I have a data set that is highly categorical and has a lot of missing values. For instance:

i | A_foo | A_bar | A_baz | outcome
0 |  nan  |  nan  |  nan  |   1
1 |   0   |   1   |   0   |   1
2 |  nan  |  nan  |  nan  |   0
3 |   1   |   0   |   0   |   0

The problem is that 1 and 0 have a different meaning that nan. I don't want to impute the data because assigning values of 0 or 1 will bias my data, but many machine learning algorithms will not work on a dataset with missing values. How can I handle this?


2 Answers 2


Imputation and dealing with missing data a broad subject; you should start by researching standard material on this subject.

The first question to figure out is Why is some data missing? and What is the process that causes data to be missing? It's important to understand how this happens, because this will affect what solution is appropriate.

Randomly missing data

If data is missing totally at random (whether a value is missing does not depend on any of the feature values of that item), then imputation can be appropriate. It should not create bias, if you do it appropriately. There are many techniques for imputation. You don't mention what you tried or why you think it will bias your results, but in general, if you use an appropriate method of imputation, there is no reason why it needs to bias your data.

Alternatively, you can use a classifier that can tolerate missing data. Some classifiers are designed to handle missing data and can tolerate it. However, I don't know of any reason to use them over imputation.

Non-randomly missing data

In contrast, if the chance for data to go missing for some object depends on the value of the features of that object, then you have a bigger problem. In that case imputation can create bias -- as can any other method. Your best hope is to understand in greater depth the random process that causes data to be missing and the probability distribution (probability that data goes missing, as a function of feature values), and try to design a procedure that is appropriate for that process.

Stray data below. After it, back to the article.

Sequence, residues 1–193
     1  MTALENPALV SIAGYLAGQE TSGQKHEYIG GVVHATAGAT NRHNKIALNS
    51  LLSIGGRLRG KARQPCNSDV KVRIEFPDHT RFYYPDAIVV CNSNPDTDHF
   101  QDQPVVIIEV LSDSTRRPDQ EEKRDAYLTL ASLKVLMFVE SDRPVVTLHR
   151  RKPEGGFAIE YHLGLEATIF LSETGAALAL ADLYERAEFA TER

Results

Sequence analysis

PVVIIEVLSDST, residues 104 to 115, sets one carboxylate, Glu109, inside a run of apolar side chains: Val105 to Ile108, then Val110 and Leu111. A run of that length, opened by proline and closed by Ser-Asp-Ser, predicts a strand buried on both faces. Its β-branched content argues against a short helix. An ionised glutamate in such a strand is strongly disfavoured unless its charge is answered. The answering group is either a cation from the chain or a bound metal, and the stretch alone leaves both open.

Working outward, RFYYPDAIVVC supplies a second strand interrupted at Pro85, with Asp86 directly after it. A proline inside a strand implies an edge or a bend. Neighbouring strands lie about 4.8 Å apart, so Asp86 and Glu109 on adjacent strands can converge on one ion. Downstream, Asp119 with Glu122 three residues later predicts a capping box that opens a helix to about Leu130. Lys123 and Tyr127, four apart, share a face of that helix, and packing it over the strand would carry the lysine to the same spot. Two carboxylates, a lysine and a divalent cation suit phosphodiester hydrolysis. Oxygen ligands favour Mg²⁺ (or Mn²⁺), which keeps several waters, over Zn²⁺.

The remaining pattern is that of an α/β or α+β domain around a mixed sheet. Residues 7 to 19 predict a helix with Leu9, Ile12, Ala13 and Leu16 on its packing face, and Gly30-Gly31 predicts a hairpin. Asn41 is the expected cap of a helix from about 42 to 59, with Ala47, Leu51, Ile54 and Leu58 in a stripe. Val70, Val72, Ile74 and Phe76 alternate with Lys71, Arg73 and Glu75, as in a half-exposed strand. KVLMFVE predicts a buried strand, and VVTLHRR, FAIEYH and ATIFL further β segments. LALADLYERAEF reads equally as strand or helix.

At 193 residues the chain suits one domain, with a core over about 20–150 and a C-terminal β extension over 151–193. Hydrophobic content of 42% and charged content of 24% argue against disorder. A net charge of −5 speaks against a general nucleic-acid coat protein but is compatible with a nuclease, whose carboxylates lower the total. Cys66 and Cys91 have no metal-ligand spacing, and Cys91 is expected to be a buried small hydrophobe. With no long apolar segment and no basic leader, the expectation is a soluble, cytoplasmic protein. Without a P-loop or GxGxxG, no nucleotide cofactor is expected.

Your specific situation: all features missing

Your specific situation is especially weird: it appears in your case either all features are missing, or none are. That's a weird one. For instances where the features are missing, you have absolutely no information about those instances. So, the best classification decision in that case is probably a very simple rule: take whichever class appears most frequently in your training set (or, most frequently among instances with missing data). Run the classifier on the remaining instances, i.e., the instances with no missing data.

But in real life this situation is pretty rare. It's more typical that some features are missing and others are present, and that requires more work to handle.


The easiest way to handle missing categorical data with out imputing is to just treat it as a category itself

For instance:

i | A_foo | A_bar | A_baz | A_nan | outcome
0 |   0   |   0   |   0   |   1   |   1   
1 |   0   |   1   |   0   |   0   |   1   
2 |   0   |   0   |   0   |   1   |   0   
3 |   1   |   0   |   0   |   0   |   0   

Happy Training!


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